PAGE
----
The Cerrado (English: "closed" or "inaccessible") is a vast tropical savanna ecoregion of Brazil. The Cerrado is characterised by an enormous range of plant and animal biodiversity. According to the World Wide Fund for Nature, it is biologically the richest savanna in the world.
The "cerrado" landscape is characterized by extensive savanna formations crossed by gallery forests and stream valleys. Cerrado includes various types of vegetation. Humid fields and "buriti" palm paths are found where the water table is near the surface. Alpine pastures occur at higher altitudes and mesophytic forests on more fertile soils.
The savanna formations are not homogenous. There is great variation between the amount of woody and herbaceous vegetation, forming a gradient from completely open "cerrado" — open fields dominated by grasses — to the closed, forest-like "cerrado" and the "cerradão" ("big cerrado"), a closed canopy forest. Intermediate forms include the dirty field, the "cerrado" field, and the "cerrado" sensu stricto, according to a growing density of trees.
The "cerrado" trees have characteristic twisted trunks covered by a thick bark, and leaves which are usually broad and rigid. Many herbaceous plants have extensive roots to store water and nutrients. The plant's thick bark and roots serve as adaptations for the periodic fires which sweep the cerrado landscape. The adaptations protect the plants from destruction and make them capable of sprouting again after the fire.
As in many savannas in the world, the "cerrado" ecosystems have been coexisting with fire since ancient times; initially as natural fires caused by lightning or volcanic activity, and later caused by man.
The great habitat variability in the different types of "cerrado" supports an enormous diversity of plant and animal species. Recent studies, such as the one presented by J. A. Ratter and other authors in "Avanços no Estudo da Biodiversidade da Flora Lenhosa do Bioma Cerrado" (Advances in the Study of the Biodiversity of the Ligneous Flora of the "Cerrado" Bioma) in 1995, estimate the number of vascular plants at around 10,000 species.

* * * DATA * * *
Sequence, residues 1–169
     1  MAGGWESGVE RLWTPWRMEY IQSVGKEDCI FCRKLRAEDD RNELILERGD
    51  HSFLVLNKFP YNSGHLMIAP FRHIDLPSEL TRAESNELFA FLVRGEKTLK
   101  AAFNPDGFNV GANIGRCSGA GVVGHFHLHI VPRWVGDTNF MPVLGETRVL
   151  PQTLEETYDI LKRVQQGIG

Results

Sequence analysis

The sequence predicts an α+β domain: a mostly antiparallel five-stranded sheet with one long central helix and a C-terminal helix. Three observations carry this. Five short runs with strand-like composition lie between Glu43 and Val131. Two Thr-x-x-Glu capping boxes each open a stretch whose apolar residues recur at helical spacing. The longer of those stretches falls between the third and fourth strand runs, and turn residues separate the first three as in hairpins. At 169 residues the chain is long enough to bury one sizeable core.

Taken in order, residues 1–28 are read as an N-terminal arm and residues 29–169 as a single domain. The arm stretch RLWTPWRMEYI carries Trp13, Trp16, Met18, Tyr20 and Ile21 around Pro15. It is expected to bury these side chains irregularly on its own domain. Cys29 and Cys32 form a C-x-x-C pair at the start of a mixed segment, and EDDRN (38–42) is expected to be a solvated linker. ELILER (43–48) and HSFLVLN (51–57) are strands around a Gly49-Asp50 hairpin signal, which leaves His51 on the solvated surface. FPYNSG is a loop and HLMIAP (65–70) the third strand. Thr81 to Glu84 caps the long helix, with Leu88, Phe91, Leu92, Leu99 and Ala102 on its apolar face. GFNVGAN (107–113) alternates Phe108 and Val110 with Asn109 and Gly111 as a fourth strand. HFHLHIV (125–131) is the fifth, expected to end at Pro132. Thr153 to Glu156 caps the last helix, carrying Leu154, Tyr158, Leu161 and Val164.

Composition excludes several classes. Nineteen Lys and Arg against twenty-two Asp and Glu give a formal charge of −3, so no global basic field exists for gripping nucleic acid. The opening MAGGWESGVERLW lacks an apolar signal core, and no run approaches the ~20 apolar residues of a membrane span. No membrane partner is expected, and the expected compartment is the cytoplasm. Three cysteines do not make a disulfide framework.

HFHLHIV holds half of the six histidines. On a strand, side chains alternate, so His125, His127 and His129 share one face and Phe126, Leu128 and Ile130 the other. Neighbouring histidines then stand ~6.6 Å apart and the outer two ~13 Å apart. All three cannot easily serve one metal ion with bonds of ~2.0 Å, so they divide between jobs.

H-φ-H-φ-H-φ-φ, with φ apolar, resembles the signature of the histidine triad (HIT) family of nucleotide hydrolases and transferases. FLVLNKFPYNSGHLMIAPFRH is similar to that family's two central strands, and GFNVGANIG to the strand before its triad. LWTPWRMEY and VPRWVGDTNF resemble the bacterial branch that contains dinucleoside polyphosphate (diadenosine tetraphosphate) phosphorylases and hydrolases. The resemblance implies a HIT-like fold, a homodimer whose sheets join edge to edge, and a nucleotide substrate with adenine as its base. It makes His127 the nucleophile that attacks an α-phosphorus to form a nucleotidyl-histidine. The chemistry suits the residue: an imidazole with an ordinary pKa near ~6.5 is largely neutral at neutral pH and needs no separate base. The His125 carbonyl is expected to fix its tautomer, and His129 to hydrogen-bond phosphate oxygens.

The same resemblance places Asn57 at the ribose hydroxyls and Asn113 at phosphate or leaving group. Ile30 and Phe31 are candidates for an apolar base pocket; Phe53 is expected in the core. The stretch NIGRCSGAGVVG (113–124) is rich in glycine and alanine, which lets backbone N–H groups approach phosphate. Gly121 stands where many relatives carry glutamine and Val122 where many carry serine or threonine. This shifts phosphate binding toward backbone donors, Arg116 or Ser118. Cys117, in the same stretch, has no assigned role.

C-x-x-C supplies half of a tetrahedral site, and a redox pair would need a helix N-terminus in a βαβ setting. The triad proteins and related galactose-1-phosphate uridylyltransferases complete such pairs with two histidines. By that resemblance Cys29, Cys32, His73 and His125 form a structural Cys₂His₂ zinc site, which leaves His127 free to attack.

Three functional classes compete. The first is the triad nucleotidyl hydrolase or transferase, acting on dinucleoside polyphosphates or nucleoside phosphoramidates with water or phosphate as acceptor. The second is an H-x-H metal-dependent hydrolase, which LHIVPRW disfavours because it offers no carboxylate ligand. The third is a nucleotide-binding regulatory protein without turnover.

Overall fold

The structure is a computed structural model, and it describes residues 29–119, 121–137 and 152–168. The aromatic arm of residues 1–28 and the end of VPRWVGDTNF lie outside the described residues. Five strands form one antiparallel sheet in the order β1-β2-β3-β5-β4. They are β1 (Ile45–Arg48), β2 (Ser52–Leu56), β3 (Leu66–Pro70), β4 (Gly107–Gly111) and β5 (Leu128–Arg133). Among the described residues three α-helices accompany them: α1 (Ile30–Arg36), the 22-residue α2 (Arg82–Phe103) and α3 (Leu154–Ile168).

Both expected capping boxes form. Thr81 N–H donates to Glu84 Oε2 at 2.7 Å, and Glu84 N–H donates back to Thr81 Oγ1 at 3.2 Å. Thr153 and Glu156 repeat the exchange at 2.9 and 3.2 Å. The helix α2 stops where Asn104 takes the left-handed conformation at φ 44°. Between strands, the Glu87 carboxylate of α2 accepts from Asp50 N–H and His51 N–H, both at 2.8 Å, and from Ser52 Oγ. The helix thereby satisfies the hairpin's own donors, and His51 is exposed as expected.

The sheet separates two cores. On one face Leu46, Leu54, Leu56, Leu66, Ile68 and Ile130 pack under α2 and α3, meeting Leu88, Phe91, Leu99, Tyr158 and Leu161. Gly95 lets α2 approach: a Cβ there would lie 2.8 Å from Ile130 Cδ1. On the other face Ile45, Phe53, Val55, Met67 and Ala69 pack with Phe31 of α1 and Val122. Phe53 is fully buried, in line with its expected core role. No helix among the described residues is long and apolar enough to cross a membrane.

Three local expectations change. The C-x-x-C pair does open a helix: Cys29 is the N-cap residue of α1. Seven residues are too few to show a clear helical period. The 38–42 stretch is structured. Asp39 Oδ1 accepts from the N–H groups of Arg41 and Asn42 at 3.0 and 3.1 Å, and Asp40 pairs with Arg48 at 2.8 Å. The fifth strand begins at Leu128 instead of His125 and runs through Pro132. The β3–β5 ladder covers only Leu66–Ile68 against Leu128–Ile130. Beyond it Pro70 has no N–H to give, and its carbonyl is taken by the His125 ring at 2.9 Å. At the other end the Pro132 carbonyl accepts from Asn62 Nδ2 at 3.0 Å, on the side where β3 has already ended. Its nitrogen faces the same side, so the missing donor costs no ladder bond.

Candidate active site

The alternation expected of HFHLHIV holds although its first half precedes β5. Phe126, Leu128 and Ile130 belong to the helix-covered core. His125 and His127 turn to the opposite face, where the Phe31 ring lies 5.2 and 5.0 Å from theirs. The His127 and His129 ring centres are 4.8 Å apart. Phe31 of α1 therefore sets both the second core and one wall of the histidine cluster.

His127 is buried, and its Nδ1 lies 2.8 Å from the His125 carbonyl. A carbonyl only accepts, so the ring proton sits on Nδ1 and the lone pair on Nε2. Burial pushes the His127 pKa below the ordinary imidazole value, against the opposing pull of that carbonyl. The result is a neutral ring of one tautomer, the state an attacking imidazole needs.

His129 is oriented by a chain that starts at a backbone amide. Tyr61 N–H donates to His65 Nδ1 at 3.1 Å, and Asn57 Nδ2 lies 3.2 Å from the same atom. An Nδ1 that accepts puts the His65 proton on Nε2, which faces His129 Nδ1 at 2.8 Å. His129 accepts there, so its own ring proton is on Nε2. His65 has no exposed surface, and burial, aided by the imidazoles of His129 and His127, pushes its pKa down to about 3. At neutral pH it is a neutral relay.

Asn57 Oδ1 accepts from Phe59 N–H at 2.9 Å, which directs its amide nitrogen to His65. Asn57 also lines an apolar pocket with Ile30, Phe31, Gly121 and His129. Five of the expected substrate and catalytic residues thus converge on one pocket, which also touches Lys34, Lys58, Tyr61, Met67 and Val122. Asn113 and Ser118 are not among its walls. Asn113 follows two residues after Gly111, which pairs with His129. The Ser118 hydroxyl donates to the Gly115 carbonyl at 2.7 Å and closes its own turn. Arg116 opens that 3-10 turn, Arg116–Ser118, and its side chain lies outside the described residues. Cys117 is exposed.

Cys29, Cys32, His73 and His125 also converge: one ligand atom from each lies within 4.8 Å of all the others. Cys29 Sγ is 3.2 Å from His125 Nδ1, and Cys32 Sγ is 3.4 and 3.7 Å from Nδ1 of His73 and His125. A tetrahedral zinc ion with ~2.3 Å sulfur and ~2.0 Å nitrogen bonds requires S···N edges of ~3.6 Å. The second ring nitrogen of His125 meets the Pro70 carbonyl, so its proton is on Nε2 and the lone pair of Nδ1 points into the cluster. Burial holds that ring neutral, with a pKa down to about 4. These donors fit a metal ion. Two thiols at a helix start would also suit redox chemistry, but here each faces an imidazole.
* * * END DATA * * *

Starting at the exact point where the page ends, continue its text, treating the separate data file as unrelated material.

Large herbivores include the Brazilian Tapir and Pampas Deer. Large predators include the Maned Wolf, Cougar, Jaguar, Ocelot, and Jaguarundi. Although the diversity is far lower than in the adjacent Amazon and Atlantic Forest, several species of monkeys are present, including Black-striped Capuchin, Black Howler Monkey and Black-tufted Marmoset.
Until the mid 1960's, agricultural activities in the "cerrados" were very limited, directed mainly at the extensive production of beef cattle for subsistence or the local market, since "cerrado" soils are naturally infertile for agricultural production. After this period, however, the urban and industrial development of the Southeast Region has forced agriculture to the Central-West Region. The transfer of the country's capital to Brasilia has been another focus of attraction of population to the central region. From 1975 until the beginning of the 80's, many governmental programs have been launched with the intent of stimulating the development of the "cerrado" region, through subsidies for agriculture. As a result, there has been a significant increase in agricultural and cattle production. On the other hand, the urban pressure and the rapid establishment of agricultural activities in the region have been rapidly reducing the biodiversity of the ecosystems.
Nowadays the "cerrado" region contributes with more than 70% of the beef cattle production in the country ("Pecuária de Corte no Brasil Central"; Beef Cattle Production in Central Brazil, Corrêa, 1989), and thanks to irrigation and soil correcting techniques it is also an important production centre of grains, mainly soya, beans, maize and rice. Great extensions of "cerrado" are also utilised in the production of cellulose pulp for the paper industry, with the cultivation of several species of Eucalyptus and Pinus, but still as a secondary activity.
Nobel Peace Prize laureate Norman Borlaug has described the Cerrado as one of Earth's last remaining arable frontiers for the expansion of agriculture. The 2006 World Food Prize was awarded to former Brazilian Minister of Agriculture Alysson Paolinelli, soil scientist Edson Lobato (also of Brazil), and American soil scientist A. Colin McClung for their leadership in soil science and policy implementation that opened the Cerrado to agricultural and food production.
The conservation of the "cerrados" natural resources is represented by different categories of conservation units, according to specific objectives: eight national parks, various state parks and ecological stations, comprising around 6.5% of the total "cerrado" area ("Cerrado: Characterização, Ocupação e Perspectiva"; Cerrado: Characterisation, Occupation and Perspectives; Dias, 1990).